I mentioned recently that I would do a more detailed post on our visit to a New Orleans cemetery.
Saint Louis Cemetery is the name of three Roman Catholic cemeteries in New Orleans, Louisiana.
We went to St. Louis # 3 located 2 miles (3.2 km) from the French Quarter, about 30 blocks from the Mississippi. T Those entombed include ragtime composer Paul Sarebresole, photographer E. J. Bellocq and painter Ralston Crawford.
The tombs of the New Orleans restaurateur families of Tujague, Prudhomme, and Galatoire lay near to one another in the "Chef's Corner." The wealthy and well-known, such as famed architect James Gallier, has a monument here as does the United Slavonian Benevolent Society.
Formerly known as Bayou Cemetery, St. Louis No. 3 was created in 1848 on the high stretch of land known as the Esplanade Ridge. Reverend G. L. Duquesnay bought the land to be used as a cemetery for the St. Louis Cathedral after an outbreak of yellow fever. The cemetery had three main aisles and four smaller alee's (aisles). In 1865, the depth of the burial grounds was extended to provide for less crowding. This cemetery is larger than both St. Louis Nos. 1 and 2 combined.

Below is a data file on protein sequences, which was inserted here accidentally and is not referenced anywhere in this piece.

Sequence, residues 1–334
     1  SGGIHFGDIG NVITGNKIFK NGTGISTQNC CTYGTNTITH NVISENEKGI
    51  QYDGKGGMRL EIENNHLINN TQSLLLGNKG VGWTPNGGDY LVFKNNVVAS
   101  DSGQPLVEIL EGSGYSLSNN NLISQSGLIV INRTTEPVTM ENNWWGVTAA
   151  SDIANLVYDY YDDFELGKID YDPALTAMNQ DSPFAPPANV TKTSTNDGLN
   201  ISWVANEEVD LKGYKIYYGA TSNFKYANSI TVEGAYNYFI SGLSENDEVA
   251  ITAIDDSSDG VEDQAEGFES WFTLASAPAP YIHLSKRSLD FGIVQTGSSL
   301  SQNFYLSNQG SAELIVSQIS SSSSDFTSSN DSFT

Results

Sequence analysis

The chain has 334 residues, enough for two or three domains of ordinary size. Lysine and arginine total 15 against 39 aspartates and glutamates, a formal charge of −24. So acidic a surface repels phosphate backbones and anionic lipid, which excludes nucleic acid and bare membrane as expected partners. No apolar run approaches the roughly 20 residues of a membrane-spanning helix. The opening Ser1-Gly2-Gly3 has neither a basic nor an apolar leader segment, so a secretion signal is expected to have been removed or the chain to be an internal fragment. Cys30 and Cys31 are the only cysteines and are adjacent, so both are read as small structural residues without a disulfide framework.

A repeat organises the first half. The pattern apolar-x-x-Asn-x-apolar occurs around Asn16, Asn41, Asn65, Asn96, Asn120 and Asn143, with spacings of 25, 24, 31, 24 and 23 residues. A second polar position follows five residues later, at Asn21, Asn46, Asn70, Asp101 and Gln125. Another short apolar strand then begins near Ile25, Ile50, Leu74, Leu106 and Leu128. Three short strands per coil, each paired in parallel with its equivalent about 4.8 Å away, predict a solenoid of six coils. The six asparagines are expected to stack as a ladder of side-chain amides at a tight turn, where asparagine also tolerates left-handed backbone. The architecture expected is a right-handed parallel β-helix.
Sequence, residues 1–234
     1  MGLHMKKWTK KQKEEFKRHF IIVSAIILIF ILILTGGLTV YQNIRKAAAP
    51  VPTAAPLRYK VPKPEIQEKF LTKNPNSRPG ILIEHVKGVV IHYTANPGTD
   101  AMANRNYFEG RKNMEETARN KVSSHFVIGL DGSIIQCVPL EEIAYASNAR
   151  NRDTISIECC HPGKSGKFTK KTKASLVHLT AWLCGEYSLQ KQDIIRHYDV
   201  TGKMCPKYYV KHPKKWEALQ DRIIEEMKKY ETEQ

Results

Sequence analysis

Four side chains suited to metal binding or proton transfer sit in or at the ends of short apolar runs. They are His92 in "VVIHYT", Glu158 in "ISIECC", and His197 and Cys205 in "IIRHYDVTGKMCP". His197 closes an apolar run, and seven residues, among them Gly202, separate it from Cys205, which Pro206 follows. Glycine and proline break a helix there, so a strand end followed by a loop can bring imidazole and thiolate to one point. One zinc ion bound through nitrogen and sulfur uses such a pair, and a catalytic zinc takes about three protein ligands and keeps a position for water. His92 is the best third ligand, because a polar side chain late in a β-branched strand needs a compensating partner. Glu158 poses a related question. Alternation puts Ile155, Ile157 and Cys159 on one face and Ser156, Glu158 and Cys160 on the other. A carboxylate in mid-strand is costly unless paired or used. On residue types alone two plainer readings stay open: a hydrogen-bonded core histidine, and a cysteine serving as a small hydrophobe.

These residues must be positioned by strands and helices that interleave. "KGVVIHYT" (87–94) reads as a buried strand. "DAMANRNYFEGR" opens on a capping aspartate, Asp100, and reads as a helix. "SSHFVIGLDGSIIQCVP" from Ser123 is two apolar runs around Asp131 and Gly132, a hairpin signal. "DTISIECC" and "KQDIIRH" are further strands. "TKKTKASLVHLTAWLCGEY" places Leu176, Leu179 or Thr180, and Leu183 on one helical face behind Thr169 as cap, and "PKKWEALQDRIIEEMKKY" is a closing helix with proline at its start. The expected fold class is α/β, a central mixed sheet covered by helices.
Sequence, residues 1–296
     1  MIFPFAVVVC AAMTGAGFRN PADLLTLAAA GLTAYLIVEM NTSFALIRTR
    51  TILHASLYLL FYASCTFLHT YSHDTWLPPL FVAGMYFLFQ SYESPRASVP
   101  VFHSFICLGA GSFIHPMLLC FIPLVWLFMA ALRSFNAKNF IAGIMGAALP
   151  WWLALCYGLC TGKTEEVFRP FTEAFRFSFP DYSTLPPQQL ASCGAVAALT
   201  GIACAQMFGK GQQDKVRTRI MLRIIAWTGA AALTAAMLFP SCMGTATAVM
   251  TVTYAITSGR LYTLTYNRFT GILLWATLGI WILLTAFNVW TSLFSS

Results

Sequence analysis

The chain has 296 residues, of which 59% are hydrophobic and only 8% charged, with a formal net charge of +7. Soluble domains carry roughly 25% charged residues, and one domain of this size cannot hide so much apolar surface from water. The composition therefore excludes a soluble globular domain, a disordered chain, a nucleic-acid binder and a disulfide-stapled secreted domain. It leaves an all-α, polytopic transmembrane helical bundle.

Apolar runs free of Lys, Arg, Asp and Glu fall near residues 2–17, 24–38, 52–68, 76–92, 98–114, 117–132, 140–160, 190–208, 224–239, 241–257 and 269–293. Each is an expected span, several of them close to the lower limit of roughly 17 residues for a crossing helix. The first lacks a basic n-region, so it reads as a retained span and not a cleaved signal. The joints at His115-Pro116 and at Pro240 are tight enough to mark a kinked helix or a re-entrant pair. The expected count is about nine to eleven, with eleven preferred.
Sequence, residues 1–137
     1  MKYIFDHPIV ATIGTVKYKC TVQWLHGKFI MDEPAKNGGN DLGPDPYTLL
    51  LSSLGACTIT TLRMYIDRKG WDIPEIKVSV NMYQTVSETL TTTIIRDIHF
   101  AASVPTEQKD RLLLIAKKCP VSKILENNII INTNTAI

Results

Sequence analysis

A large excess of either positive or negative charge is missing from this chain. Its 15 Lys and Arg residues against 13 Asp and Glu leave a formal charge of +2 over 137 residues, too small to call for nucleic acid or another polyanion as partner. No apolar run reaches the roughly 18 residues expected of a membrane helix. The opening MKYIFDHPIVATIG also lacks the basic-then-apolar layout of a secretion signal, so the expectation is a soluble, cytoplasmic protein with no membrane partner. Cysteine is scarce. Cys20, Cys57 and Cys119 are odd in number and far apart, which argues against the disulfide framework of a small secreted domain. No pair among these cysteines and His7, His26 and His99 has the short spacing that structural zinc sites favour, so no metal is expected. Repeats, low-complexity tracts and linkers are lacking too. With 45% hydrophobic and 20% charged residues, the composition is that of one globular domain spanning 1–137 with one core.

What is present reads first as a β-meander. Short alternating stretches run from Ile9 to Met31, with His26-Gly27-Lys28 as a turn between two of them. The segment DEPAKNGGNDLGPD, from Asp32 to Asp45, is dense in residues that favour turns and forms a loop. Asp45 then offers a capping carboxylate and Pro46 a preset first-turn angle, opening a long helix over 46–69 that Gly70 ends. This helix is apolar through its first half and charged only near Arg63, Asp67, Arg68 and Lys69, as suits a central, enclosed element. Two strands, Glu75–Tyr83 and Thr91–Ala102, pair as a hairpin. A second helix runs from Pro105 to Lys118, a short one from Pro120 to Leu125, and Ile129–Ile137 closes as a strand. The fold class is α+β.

This is a recent burial.
Here's a close-up this grave with some of the deceased's favourite items, including a ball cap, hot sauce and a beer.
New Orleans has always respected its dead, but this isn't the reason that loved ones are interred above ground. Early settlers in the area struggled with different methods to bury the dead. Burial plots are shallow in New Orleans because the water table is very high. Dig a few feet down, and the grave becomes soggy, filling with water. The casket will literally float.
The early settlers tried placing stones in and on top of coffins to weigh them down and keep them underground. Unfortunately, after a rainstorm, the rising water table would literally pop the airtight coffins out of the ground.
Eventually, New Orleans' graves were kept above ground, following the Spanish custom of using vaults. The walls of some cemeteries here are made of economical vaults stacked on top of one another, while wealthier families could afford the larger, ornate tombs with crypts. Many family tombs look like miniature houses, complete with iron fences.
How can a tomb hold all of those coffins? According to a local ordinance, as long as the previously deceased family member has been dead for at least two years, the remains of that person can be moved to a specially made burial bag and placed at the side or back of the vault. The coffin is then destroyed, and the vault is now ready for a newly deceased family member. What happens if a family member dies within that two-year period? Generally, local cemeteries are equipped with temporary holding vaults, and the newly deceased family member is moved into his or her final resting place when two years have elapsed.
This photo depicts the holding area.
The cemetery was heavily flooded during the aftermath of Hurricane Katrina in 2005, but its tombs escaped relatively unscathed. There was some plaster damage from debris.